Sunday, January 4, 2009

Looking over 2008

What’s new with communities on mobile is the convergence (arguably in 2008) of three conditions.

I am always distilling what I read and learn. In my mind, the changes in 2008 can be boiled down. The triumvirate is composed of (1) ease-of-use for much richer services, (2) business models and (3) critical mass/the network effect.

For the ordinary user of mobile data--the “early majority” of people using mobile who inhabit a space to the right of the technophiles and geeks on the bell shape curve of technology adoption—the barriers to entry into virtual community services while on-the-go are lower than anytime in the past and still falling. Today anyone who is comfortable using a browser can access the services in a matter of seconds using a PC or a mobile. But that’s only part of the first key. The second component is that the return on this little investment to get “into” and engage with a community is greater than it was a year or even six months ago.

Condition two: companies recognize that engagement on mobile is more easily translated to revenues than engagement on PC connected to the broadband, flat-rate Internet. Whenever a message is sent/received and people “connect” in their communities via mobile, the cash register is making its familiar noise. In addition, the premium services business models are expanding rapidly (a good topic to explore here in the future). To sum up this condition, unlike the case with PC-based users, people on mobile platforms are aware that there is a billing relationship so the mobile community twist carries this very important “added advantage” that permit businesses to cover more of their operating costs as well as to (at some point) make a profit.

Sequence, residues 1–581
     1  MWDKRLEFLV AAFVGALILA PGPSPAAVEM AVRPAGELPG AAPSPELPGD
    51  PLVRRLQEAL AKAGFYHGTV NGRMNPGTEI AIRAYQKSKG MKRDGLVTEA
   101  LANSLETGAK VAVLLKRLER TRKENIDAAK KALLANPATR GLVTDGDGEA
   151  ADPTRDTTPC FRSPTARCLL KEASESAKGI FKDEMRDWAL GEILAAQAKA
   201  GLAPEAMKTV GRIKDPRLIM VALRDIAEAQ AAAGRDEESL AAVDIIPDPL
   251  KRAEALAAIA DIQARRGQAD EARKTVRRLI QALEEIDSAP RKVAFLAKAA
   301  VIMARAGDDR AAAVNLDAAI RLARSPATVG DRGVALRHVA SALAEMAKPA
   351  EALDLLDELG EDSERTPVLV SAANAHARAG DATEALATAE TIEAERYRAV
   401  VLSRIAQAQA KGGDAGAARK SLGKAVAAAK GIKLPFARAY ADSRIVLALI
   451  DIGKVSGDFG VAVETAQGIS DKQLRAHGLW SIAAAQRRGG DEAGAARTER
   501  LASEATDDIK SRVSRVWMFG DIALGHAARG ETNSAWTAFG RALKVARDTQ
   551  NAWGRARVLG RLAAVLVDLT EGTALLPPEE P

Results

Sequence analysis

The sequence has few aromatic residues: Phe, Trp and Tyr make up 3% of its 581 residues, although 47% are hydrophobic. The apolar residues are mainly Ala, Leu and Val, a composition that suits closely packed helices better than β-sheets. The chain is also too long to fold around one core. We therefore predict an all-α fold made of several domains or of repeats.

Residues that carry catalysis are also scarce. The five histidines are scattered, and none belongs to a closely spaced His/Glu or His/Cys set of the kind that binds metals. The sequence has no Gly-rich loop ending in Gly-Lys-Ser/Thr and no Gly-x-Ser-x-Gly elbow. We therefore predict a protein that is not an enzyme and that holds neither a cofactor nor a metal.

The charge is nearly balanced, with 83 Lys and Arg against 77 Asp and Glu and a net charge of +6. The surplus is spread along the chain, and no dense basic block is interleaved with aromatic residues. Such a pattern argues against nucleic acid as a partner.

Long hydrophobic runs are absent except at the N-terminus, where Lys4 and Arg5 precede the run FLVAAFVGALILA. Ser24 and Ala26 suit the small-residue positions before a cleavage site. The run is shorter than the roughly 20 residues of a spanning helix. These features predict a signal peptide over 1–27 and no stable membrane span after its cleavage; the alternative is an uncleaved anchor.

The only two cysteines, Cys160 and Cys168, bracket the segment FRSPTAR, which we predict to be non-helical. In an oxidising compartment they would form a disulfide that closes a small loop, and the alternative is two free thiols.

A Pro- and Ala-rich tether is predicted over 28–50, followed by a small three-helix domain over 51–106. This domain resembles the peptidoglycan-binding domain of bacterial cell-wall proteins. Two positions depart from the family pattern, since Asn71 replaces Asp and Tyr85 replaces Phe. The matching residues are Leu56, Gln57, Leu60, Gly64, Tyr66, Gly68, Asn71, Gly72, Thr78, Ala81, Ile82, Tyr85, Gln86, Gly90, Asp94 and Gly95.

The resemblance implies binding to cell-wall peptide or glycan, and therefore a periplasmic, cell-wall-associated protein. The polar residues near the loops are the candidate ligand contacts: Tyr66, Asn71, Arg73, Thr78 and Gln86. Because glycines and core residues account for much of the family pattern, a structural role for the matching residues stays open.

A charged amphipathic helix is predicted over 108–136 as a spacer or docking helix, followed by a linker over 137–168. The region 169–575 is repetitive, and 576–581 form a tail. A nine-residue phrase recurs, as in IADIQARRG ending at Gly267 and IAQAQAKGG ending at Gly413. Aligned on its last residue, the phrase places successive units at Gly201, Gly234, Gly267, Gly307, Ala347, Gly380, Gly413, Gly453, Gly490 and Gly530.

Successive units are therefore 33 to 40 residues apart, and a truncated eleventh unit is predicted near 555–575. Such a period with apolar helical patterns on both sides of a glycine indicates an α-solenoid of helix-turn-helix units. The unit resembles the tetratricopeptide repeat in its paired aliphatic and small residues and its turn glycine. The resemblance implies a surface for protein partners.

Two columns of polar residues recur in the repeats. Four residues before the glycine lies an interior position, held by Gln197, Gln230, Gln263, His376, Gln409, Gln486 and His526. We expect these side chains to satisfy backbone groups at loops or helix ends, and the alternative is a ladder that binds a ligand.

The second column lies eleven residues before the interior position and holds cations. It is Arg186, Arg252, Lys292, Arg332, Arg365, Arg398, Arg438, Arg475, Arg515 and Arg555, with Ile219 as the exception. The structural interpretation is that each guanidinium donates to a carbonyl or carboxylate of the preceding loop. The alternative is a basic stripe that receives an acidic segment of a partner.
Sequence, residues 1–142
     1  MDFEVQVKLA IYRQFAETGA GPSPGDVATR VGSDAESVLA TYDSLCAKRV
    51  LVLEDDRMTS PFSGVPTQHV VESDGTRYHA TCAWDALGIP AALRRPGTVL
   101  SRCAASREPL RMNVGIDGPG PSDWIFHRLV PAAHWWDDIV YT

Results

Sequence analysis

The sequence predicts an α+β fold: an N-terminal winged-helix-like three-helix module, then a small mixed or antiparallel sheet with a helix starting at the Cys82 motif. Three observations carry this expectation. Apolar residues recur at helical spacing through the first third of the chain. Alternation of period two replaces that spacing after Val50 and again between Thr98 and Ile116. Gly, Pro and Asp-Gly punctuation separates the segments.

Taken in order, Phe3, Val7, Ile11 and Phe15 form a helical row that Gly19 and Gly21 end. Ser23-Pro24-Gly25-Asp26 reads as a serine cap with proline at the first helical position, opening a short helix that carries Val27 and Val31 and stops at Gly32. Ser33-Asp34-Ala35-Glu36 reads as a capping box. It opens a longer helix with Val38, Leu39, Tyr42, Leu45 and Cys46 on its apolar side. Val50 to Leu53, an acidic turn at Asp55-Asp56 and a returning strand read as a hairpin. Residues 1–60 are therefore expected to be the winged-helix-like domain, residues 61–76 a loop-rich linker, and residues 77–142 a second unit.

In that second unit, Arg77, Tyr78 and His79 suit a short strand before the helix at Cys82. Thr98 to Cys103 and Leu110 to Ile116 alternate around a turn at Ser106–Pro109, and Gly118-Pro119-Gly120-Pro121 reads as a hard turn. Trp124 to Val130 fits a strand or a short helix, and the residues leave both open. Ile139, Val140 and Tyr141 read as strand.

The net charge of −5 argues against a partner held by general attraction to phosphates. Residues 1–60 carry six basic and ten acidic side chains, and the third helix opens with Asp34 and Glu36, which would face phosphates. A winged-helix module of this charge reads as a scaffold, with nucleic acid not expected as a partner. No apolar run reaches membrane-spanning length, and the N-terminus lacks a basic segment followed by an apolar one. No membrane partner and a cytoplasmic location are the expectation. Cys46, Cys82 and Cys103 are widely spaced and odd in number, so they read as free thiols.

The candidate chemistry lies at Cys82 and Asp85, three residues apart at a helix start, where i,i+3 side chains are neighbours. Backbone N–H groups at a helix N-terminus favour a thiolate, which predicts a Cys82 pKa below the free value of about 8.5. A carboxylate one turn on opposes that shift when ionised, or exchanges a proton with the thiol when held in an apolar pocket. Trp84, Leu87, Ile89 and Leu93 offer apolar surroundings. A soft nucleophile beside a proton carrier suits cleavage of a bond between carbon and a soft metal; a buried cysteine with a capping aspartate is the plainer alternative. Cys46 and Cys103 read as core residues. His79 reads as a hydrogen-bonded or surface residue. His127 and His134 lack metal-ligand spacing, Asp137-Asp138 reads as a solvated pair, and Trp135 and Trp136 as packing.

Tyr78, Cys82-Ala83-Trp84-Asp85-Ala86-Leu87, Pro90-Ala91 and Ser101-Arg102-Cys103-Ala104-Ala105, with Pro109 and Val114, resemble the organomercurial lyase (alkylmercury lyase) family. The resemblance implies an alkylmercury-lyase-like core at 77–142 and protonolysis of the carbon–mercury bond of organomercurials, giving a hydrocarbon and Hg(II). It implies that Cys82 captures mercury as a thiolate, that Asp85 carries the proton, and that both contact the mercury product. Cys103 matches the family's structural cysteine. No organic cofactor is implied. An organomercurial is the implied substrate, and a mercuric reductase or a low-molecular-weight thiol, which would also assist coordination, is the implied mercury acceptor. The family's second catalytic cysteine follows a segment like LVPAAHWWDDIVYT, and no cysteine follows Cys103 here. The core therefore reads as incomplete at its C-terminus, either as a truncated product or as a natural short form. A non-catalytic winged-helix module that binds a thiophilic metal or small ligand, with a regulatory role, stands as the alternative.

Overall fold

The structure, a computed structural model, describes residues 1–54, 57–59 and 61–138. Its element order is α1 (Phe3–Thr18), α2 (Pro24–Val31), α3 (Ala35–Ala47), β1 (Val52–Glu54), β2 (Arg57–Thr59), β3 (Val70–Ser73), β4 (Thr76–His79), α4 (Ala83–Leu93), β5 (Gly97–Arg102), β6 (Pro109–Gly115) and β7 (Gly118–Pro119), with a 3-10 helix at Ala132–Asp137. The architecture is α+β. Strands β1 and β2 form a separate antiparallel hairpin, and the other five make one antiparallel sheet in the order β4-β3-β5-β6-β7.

The third important condition which emerged in 2008 is that of critical mass. By any metric one chooses to use (and there are many to be studied), 2008 was a pivotal year for social networking at large. It was an explosive year for mobile. I estimate that there are nearly 100 Million registrations (fewer people) now using community services on mobile.

This, when I boil it all down, is what I believe really happened in 2008 in the mobile community sector. These three conditions—metaphorical keys to a kingdom—are now being used to rapidly unlock the well-recognized community potential on mobile platforms and, with these conditions met, the industry will be able to tackle remaining missing elements.

Looking way back

Communities are as old as humanity. There’s nothing particularly brilliant about recognizing that the human animal, with some exceptions, seeks the company of others like it.

Although I can’t seem to put my finger on one now (when I want to re-read an article written by someone else on the topic), it seems that many headlines in 2008’s final days reminded readers that Virtual Communities grew and might, in retrospect, be “the next killer app.”

Can anyone recall or find such an article I can read and to which I might point? Please post in comments.

To give these bright people (whom I seem to have imagined) the benefit of the doubt, I’ll refine the comment I believe these writers and thinkers were making into a simple declarative statement with the minimum of buzzwords: virtual communities are hot attractions. The digital broadcast channel has evolved into millions of conversations.

Some may have forgotten or not been aware that the virtual community phenomenon was detected as an emerging trend on the Internet at least 15 years ago. Barry Wellman published many academic and popular works on the topic for nearly two decades. Howard Rheingold’s 1993 book Virtual Community documented it and, some say he coined the term. Writers for technology audiences have been aware of this for a long time as well. In mid-2000 WirelessWeek ran a short article with the headline “Community-the Killer App?” Five years ago, in 2003, Rheingold wrote an update about and expanded upon the topic in Smart Mobs. Around the same time, Tomi Ahonen and Alan Moore took the concept much further and examined how communities would change the way companies communicate with their customers in their book Communities Dominate Brands.